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Implants

In the past, when people lost their tooth or teeth, partial dentures and full dentures were the solution. However, in the 1950s, Professor Per-Ingvar Branmark of Sweden unintentionally discovered the present day dental implant mechanism. Professor Per-Ingvar Branmark noticed that when titanium metal was surgically placed into the bone, the implant adheres to the bone with great tenacity. With the advancement of dental procedures due to the professor's discovery, implants instead of dentures offer a great solution for replacing missing dentition. Not only does the implanted tooth give patients the look and feel of a natural tooth, chewing and speech problems caused by the missing tooth may be restored or improved. More importantly, wearing partial or full dentures overtime may cause the loss of bone structure in the jaw and having dental implants will help preserve the bone structure of the face and maintain a more pleasing facial profile.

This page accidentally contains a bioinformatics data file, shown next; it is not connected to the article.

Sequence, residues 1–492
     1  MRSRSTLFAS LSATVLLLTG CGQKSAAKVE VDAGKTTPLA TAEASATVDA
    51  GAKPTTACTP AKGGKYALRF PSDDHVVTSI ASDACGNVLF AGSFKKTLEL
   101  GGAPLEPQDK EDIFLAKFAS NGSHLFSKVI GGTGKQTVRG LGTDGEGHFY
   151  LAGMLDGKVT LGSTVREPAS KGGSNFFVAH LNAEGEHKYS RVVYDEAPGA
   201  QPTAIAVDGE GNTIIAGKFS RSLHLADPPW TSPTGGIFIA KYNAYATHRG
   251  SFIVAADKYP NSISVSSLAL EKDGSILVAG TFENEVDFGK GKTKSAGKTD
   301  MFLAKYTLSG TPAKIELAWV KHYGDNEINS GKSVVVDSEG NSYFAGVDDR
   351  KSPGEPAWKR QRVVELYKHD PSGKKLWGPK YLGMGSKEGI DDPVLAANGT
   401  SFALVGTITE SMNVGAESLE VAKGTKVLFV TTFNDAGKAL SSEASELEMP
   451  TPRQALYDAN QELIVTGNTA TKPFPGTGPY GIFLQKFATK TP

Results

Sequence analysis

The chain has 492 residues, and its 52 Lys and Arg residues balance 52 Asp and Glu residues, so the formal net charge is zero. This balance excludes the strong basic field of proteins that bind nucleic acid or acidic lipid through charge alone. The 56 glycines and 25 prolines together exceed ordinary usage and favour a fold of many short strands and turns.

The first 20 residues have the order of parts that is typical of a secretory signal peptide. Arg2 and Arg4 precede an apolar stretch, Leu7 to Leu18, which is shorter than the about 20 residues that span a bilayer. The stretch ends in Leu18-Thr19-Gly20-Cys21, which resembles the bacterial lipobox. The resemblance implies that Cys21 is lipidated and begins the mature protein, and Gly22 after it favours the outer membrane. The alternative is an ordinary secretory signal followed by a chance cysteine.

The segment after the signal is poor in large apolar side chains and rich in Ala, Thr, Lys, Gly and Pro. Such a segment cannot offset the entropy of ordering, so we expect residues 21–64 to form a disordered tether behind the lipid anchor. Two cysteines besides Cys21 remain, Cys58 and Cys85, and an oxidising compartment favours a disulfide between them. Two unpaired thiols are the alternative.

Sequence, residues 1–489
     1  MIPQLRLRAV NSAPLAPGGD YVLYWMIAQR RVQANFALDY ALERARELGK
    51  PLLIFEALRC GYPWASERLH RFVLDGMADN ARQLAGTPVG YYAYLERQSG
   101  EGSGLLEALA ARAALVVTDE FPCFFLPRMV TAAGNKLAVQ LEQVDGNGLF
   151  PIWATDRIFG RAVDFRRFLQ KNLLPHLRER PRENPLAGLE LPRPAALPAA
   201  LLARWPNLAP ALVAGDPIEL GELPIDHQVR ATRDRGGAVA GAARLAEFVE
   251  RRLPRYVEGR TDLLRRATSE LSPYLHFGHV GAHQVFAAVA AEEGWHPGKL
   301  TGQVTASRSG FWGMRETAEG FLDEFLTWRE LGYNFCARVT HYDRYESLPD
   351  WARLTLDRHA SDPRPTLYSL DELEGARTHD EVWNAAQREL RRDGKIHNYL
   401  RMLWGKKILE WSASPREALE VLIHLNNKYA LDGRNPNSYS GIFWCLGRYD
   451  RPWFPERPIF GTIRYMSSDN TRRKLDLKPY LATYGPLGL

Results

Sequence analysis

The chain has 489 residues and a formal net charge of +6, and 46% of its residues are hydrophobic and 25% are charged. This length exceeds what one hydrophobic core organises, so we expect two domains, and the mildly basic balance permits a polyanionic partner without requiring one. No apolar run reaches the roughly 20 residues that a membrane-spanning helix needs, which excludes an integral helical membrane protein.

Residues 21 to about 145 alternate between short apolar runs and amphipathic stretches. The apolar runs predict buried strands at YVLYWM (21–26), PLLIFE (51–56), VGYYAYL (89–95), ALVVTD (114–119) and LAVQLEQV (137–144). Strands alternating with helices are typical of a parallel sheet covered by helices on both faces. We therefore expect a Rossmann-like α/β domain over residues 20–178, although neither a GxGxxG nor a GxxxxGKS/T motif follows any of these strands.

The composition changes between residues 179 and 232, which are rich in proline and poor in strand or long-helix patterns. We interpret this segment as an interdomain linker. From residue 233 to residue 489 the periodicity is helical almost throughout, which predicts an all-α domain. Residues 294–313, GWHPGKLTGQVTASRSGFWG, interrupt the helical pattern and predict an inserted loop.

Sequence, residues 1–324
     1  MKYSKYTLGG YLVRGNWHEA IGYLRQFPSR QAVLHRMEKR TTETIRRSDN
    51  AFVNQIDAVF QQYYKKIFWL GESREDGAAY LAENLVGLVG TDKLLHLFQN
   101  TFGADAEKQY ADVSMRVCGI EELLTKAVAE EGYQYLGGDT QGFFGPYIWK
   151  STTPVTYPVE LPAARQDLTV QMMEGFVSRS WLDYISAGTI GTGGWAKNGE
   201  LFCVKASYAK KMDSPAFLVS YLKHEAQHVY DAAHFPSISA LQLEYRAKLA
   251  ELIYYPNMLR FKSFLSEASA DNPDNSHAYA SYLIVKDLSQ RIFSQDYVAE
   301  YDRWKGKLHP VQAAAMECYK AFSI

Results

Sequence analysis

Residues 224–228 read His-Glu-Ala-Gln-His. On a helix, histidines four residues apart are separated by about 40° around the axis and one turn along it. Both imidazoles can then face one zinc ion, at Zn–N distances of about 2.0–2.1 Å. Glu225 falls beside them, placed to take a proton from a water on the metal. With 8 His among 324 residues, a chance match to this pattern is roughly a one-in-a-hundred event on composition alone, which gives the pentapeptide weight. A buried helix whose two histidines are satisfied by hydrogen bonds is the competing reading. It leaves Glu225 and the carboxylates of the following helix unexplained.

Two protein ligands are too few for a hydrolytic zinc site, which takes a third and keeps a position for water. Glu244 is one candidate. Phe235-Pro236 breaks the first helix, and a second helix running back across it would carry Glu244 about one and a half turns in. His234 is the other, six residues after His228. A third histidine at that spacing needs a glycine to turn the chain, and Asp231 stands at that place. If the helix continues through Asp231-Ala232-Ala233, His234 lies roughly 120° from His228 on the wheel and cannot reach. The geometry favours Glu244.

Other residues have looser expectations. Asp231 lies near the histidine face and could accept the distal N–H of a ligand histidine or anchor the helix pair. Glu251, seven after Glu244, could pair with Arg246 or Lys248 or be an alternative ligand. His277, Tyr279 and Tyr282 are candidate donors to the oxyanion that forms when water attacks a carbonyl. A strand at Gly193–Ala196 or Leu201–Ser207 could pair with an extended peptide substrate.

Dental implants are performed with the collaboration of the dental team consisting of the treatment coordinator, the general dentist, and the surgeon: either the periodontist or oral surgeon. There are three major steps to the dental implant. First, an operation performed by the surgeon places the implant into the jaw bone. The implant acts like the root or anchor of the tooth. A waiting period of about 4-6 months will allow healing and fusion of the implant to the bone. Second, another surgical procedure performed by the surgeon consists of placing a healing cap on top of the implant. Allowing approximately 2 weeks of healing, the general dentist will then remove the healing cap and replace it with an abutment. An abutment is an attachment that connects the implant to the crown. In the third and final step, the crown is placed on top of the abutment.Some implant procedures may combine steps one and two, but regardless of the method chosen, the final result of the dental implant provides the look and feel similar to natural teeth.

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